20 May 2007
20 May 2007
The composite wings and final major assembly for the Boeing 787 Dreamliner were delivered to Everett last week.
The wings, manufactured by Mitsubishi Heavy Industries at its facility in Nagoya, Japan, are each 98 feet long. Standing on edge in custom-made tooling, the wings were delivered together to Boeing via the Dreamlifter, a specially modified 747-400 used to transport 787 major assemblies. The 787 is the first commercial aircraft to use composite materials as its primary structure. It is also the first Boeing aircraft featuring an all-composite wing.
""A composite wing of this size has never been built before,"" said Scott Strode, 787 vice president of Airplane Definition and Production. ""This is a tribute to our fantastic team. We believe the Dreamliner sets a new standard for how commercial airplanes will be made in the future.""
The wings were immediately delivered to the 787 final assembly factory. Additional work -- including attaching the wingtip and movable surfaces -- will be completed by Boeing. The total wingspan of a 787 is 197 feet.
The integrated midbody fuselage was also delivered, consisting of section 43, a forward fuselage section made by Kawasaki Heavy Industries; section 11/45, the centre wheel well and centre wing tank, made by KHI and Fuji Heavy Industries and joined at FHI; and sections 44 and 46, centre fuselage sections made by Alenia Aeronautica. It was joined at Global Aeronautica in Charleston, South Carolina. The fuselage measures 84 feet long and 19 feet in diameter. It was also flown to Everett in the Dreamlifter.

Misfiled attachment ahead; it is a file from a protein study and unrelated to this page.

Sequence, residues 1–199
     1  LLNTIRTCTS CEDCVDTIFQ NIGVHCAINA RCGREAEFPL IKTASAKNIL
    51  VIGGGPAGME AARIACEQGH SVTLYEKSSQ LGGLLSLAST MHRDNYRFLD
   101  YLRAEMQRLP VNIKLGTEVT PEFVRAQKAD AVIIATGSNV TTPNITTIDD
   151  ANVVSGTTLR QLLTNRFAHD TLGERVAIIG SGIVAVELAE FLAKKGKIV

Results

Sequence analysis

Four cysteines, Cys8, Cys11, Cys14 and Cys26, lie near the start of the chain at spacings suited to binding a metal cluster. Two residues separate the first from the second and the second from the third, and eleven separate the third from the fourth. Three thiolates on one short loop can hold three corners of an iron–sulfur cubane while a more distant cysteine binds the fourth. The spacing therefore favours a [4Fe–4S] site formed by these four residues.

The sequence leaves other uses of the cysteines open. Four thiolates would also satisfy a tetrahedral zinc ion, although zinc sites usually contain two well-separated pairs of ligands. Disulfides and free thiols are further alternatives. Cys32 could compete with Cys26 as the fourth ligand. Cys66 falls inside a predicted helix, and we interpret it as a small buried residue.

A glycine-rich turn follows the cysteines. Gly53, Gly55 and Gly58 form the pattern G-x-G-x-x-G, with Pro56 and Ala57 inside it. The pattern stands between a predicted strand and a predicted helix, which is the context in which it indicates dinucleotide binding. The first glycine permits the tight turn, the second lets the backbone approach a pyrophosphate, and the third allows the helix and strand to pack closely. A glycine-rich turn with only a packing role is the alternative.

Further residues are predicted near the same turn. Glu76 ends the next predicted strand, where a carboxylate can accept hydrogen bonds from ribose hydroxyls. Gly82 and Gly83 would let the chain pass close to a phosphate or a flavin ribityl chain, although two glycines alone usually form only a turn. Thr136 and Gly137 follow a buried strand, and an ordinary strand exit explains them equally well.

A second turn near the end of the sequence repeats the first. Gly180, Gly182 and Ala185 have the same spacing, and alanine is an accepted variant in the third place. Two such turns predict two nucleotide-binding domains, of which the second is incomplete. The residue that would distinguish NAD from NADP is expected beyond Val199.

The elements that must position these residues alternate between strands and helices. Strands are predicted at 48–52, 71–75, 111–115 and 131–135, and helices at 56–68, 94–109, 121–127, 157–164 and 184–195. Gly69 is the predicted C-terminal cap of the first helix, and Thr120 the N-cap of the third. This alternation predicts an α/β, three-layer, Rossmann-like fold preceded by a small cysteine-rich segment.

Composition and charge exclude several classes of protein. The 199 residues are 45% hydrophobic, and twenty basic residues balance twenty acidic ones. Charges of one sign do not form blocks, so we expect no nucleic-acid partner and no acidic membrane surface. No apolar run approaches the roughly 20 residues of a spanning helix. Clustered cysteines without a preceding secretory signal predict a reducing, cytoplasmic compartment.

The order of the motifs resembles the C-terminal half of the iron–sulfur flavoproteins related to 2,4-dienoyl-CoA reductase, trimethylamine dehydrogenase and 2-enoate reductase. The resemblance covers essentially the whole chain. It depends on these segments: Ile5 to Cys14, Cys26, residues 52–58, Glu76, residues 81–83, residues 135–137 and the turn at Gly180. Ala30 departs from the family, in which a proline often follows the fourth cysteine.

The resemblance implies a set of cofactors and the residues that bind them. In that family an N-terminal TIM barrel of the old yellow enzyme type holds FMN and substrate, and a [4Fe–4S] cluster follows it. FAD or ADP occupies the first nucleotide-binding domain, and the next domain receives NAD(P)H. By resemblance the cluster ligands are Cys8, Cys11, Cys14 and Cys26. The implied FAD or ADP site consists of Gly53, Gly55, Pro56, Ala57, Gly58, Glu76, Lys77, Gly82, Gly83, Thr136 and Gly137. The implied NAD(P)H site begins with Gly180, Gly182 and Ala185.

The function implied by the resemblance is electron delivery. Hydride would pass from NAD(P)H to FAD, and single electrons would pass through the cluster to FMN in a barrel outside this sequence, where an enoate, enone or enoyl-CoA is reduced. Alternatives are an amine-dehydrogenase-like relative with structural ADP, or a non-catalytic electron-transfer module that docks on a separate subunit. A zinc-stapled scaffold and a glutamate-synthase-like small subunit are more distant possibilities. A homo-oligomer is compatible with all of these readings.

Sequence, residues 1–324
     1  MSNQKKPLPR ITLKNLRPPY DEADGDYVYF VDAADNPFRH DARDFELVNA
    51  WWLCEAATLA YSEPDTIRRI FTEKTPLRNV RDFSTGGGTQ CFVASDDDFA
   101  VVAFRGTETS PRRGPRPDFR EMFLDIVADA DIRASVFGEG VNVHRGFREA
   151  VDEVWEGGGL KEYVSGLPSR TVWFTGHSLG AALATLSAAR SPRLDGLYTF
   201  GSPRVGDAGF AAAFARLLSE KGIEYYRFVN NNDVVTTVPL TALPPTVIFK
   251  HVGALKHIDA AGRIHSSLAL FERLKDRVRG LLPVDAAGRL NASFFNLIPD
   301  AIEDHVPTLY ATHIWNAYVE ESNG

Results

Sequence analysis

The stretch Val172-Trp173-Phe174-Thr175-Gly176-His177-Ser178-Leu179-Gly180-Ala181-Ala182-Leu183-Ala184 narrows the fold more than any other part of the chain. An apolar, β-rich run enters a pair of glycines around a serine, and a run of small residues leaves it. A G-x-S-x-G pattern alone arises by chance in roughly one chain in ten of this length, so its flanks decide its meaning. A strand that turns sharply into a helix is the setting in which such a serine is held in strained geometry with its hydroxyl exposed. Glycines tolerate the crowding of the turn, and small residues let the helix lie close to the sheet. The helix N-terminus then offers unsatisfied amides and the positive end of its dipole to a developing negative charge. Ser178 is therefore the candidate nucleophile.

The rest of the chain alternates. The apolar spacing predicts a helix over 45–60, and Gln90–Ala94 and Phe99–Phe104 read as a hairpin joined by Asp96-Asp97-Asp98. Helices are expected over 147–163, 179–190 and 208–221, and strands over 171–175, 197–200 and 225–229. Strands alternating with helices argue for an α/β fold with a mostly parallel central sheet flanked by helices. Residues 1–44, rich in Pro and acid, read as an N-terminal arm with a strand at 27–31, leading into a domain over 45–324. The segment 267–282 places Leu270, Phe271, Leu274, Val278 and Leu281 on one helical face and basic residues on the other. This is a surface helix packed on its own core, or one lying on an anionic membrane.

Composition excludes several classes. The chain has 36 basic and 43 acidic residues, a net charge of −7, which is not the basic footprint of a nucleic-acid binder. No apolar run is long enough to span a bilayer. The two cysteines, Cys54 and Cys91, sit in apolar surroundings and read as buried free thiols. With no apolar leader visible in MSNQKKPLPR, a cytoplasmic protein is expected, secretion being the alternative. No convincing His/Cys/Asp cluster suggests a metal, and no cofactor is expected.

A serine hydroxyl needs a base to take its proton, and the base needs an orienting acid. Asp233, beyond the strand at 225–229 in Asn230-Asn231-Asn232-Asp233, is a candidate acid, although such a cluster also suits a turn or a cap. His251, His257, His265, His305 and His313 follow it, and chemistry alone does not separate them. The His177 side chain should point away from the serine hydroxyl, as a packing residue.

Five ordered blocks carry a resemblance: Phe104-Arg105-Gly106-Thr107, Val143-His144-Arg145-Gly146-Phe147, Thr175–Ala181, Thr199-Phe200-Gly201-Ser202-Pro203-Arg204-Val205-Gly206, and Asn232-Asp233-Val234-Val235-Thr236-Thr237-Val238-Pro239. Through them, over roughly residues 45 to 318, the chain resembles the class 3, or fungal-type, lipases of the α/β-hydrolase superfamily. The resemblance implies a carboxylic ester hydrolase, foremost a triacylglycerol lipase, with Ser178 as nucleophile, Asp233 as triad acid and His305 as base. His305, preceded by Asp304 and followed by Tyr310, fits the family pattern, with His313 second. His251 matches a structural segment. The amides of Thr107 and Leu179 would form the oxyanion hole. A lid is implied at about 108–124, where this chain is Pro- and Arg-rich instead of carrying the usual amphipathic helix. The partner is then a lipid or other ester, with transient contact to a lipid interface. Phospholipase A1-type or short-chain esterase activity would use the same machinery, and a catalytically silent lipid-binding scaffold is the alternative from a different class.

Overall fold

Mitsubishi Heavy Industries, Ltd. (MHI) shipped the first composite-material wing box on May 14 from the Oye Plant of MHI's Nagoya Aerospace Systems Works in Nagoya Prefecture.
To produce the wing boxes for Boeing, MHI constructed two new factories at its Nagoya Aerospace Systems Works: a composite-material fabrication factory to undertake forming of composite-material parts for the wing boxes, and an assembly factory to build the wing boxes. The new facilities were launched in June and September 2006, respectively. The fabrication factory features one of the world's largest autoclaves. MHI also completed construction, in April 2006, of a factory to manufacture composite-material skin stringers, one of the reinforcement components for the 787 wing boxes, at its Shimonoseki Shipyard and Machinery Works in Yamaguchi Prefecture.
Japanese companies' share in airframe production under the program has now reached 35%, the highest ratio ever in commercial airplane production programs between Boeing and Japanese firms. MHI is responsible for manufacture of the composite-material wing boxes. This is the first time a major aircraft manufacturer has selected a partner to produce its wing boxes.
Cobra International is celebrating its 40th year and has commissioned a book that will look at 40 key projects and 40 key people that were integral to the company’s growth. ‘Klaus Simmer and The King Cobra: A breakthrough in surfboard design and production technology’ is an extract article from this book and a breakthrough composites product for Cobra, establishing its presence as a manufacturer of high performance windsurf boards and creating global visibility for the Cobra brand.
Solvay has signed a ten-year agreement for the supply of composites and adhesives to be used across Bell's military and commercial rotorcraft programmes, including the Bell 429, 407, 505, 525, V-22, and UH-1.
SGL Carbon and Fraunhofer IGCV have officially opened the Fibre Placement Centre (FPC) at SGL's site in Meitingen, Germany. Compositence, BA Composites and the Chair for Carbon Composites at the Technical University of Munich have also joined the alliance, and Coriolis Group and Cevotec are planning to come on board as partners.